- require the Department of the Treasury to take actions to support international initiatives to provide debt restructuring and relief to developing countries;
- prohibit federal regulators from taking certain adverse actions against a depository institution solely for providing financial services to a cannabis-related business operating pursuant to state or local law;
- provide statutory authority for an April 27, 2021, executive order raising the minimum wage for the employees of federal contractors;
- prohibit barring a veteran from federal employment solely because the veteran consumes or has consumed cannabis;
- impose data standards requirements on certain federal agencies, including the Securities and Exchange Commission and the Federal Deposit Insurance Corporation; and
- establish the San Gabriel National Recreation Area in California as a unit of the National Park System.
|A shaka and shorts for Santa at St. Jude's |
Keiki Christmas Party on Saturday. Photo by Ed Rau
CHRISTMAS CAME EARLY TO KEIKI AT ST. JUDE'S Episcopal Church in Ocean View on Saturday. There was the Giving Tree with loads of toys and clothing. St. Jude's provided books, bags of cookies, stockings filled with toys, and a small army of stuffed animals. Santa, in shorts, and Mrs. Claus arrived with the assistance of their helpers, Thom White and Marvelle Rau. Showers and free food from the soup kitchen were also part of the giving.
The upcoming Christmas into New Year event at St. Jude's is held Saturday, Dec. 24. Showers, soup, fellowship, haircut and decorating the church run from 9 a.m. to 1 p.m. Join the church for carols at 3:30 p.m. followed by the Christmas Eve Service at 4 p.m. with Aloha Hour after the service. No services will be held Sunday, Dec. 25, Christmas Day.
Cordelia Burt, the Rev. Elaine Barber, and Deb Johnson getting the stockings ready.
Photo by Ed Rau
|See The Ka'ū Calendar in the mail and in stands from Volcano through Miloli'i. Also see stories daily on Facebook and at www.kaunewsbriefs.blogspot.com.|
Christmas Lights & Icons Show brightens up the corner of Lehua and Palm in Ranchos at Ocean View every evening. Santa will be there on Christmas Eve to give 300 gifts, with a drawing for bikes to be given on Christmas Day. See story at kaucalendar.com.
Holiday Lighting and Decor are dressing up the cottages at Kīlauea Military Camp for the public to see. See story at kaucalendar.com.
Christmas in the Country is ongoing until the New Year at Volcano Art Center Gallery and VAC's Ni’aulani Campus. See story at kaucalendar.com.
The Hiking Incentive Program at Kahuku Unit of Hawai'i Volcanoes National Park wraps up at the end of year. For the Kūkini Challenge, hikers, and walkers can turn in miles, recording them at the Visitor Contact Station for a chance to win a silver water flask and accolades for the fourth quarter of 2022.
Register as a Candidate for Discovery Harbour’s Community Association Board by noon on Wednesday, Dec. 21 at the Community Association office. Candidates may submit their biography and have their name appear on the 2023 DHCA ballot. Two of the seven Board seats are up for election. See discoveryharbour.net.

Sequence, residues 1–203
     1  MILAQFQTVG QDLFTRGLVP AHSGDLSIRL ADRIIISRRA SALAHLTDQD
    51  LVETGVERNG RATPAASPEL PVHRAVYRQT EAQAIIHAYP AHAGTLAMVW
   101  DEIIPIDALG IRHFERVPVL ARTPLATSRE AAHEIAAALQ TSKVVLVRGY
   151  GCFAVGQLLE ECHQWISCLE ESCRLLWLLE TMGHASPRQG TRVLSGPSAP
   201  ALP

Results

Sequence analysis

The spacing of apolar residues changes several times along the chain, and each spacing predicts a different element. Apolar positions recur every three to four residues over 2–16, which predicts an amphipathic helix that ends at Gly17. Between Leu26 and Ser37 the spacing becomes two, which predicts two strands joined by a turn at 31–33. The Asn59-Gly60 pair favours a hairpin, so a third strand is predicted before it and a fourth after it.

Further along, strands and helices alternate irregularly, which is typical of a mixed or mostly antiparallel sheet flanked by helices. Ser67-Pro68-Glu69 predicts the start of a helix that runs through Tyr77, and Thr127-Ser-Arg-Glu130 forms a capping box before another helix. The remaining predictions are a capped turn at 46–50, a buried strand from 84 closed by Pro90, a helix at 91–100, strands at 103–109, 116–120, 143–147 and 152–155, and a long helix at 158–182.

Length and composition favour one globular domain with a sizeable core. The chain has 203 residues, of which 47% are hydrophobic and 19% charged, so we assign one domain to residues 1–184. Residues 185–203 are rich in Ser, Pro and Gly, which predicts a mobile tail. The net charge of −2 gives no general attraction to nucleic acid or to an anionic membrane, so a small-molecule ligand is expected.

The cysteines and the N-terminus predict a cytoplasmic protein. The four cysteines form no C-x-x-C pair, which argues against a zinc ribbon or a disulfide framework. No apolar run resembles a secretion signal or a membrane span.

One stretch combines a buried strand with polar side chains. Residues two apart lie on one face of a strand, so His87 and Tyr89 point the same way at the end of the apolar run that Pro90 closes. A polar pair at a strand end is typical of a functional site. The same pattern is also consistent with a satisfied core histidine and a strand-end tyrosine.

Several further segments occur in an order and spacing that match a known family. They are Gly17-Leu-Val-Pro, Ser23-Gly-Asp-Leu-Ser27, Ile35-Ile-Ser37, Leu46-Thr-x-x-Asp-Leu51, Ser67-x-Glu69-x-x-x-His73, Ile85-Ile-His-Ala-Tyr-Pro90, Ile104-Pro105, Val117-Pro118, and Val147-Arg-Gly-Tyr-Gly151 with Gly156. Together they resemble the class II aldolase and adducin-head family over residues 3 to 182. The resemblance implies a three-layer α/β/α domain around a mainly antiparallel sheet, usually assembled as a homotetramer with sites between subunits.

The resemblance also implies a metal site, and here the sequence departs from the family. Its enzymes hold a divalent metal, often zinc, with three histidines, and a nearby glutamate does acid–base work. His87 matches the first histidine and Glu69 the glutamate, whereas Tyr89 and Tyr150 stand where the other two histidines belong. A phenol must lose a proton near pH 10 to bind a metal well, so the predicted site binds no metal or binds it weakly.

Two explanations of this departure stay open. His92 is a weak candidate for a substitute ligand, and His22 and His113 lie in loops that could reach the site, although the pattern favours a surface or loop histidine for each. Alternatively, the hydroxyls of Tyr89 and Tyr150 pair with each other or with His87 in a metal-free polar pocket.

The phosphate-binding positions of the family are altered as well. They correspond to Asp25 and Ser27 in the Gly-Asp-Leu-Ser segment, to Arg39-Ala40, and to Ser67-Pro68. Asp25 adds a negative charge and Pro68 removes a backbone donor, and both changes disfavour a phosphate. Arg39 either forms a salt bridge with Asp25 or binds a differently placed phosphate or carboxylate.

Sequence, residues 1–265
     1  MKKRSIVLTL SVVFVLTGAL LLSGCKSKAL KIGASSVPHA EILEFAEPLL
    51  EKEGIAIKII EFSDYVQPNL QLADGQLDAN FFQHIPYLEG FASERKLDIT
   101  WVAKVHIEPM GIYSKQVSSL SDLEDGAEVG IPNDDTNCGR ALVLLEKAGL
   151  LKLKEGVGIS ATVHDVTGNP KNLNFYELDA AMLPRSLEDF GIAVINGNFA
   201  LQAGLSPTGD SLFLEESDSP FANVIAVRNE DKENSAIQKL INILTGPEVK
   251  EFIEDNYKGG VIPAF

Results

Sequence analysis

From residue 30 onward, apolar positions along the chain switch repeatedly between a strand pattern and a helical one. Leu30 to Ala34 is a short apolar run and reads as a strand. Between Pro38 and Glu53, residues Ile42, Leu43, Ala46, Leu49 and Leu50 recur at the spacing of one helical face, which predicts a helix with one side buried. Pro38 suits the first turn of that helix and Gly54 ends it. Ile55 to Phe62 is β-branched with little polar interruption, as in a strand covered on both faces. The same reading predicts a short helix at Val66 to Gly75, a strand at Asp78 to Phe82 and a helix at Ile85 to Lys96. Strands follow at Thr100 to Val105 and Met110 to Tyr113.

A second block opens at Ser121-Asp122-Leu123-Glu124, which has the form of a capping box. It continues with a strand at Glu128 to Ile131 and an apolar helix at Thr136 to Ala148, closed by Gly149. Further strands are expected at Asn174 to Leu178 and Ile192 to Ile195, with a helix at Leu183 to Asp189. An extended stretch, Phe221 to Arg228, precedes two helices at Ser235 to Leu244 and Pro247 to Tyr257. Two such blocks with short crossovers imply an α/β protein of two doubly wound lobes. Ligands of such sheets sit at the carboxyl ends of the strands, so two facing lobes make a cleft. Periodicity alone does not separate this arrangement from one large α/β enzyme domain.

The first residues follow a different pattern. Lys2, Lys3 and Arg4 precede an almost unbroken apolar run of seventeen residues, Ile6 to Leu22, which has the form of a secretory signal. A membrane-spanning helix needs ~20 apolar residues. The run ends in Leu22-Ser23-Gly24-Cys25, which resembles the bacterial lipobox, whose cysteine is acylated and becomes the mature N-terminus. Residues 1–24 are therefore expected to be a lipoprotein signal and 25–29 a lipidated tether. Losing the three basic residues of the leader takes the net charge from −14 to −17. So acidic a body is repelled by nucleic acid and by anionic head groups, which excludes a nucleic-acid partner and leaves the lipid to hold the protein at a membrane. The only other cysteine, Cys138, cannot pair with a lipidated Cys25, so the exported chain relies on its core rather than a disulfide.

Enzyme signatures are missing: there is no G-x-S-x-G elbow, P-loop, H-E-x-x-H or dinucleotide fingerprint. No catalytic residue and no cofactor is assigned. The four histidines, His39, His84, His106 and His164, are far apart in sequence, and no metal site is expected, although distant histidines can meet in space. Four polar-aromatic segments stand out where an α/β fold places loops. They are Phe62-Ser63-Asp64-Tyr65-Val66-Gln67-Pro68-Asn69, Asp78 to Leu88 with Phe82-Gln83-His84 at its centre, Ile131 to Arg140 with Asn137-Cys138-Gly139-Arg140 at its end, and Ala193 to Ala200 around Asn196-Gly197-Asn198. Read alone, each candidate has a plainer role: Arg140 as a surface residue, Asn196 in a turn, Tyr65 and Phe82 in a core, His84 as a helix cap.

Volcano Thursday Market Christmas Fair will be Friday, Dec. 23 from 3 p.m. to 6 p.m. with crafts, food, produce, live music, and entertainment for kids at Cooper Center in Volcano, Wright Road.
|Pictures with Santa at Ocean View Community Center on Christmas Eve from 1 p.m. to 3 p.m.|
St. Jude’s Hot Meals are free to those in need on Saturdays from 9 a.m. until food runs out, no later than noon. Volunteers from the community are welcome to help and can contact Karen at firstname.lastname@example.org. Location is 96-8606 Paradise Circle Drive in Ocean View.
Free Meals Mondays, Wednesdays, and Fridays are served from 12:30 p.m. to 3:30 p.m. at Nāʻālehu Hongwanji. Volunteers prepare the food provided by 'O Ka'ū Kākou with fresh produce from its gardens on the farm of Eva Liu, who supports the project. Other community members also make donations and approximately 150 meals are served each day, according to OKK President Wayne Kawachi.
Volcano Evening Market, Cooper Center, Volcano Village, Thursdays, 3 p.m. to 6 p.m., with live music, artisan crafts, ono grinds, and fresh produce. See facebook.com.
'O Ka'ū Kākou Market, Nāʻālehu, Wednesdays, 8 a.m. to 2 p.m. Contact Nadine Ebert at 808-938-5124 or June Domondon 808-938-4875. See facebook.com/OKauKakouMarket.
Ocean View Community Market, Saturdays and Wednesdays, 6:30 a.m. to 2 p.m., corner of Kona Drive and Highway 11, where Thai Grindz is located. Masks mandatory. 100-person limit, social distancing required. Gate unlocked for vendors at 5:30 a.m., $15 dollars, no reservations needed. Parking in the upper lot only. Vendors must provide their own sanitizer. Food vendor permits required. Carpooling is encouraged.
Ocean View Swap Meet at Ocean View makai shopping center, near Mālama Market. Hours for patrons are 8 a.m. to 3 p.m., Saturday and Sunday. Vendor set-up time is 5 a.m. Masks required.
The Book Shack is open every Wednesday, 9 a.m. to 3 p.m. on the Kauahaʻao Congregational Church grounds at 95-1642 Pinao St. in Waiʻōhinu.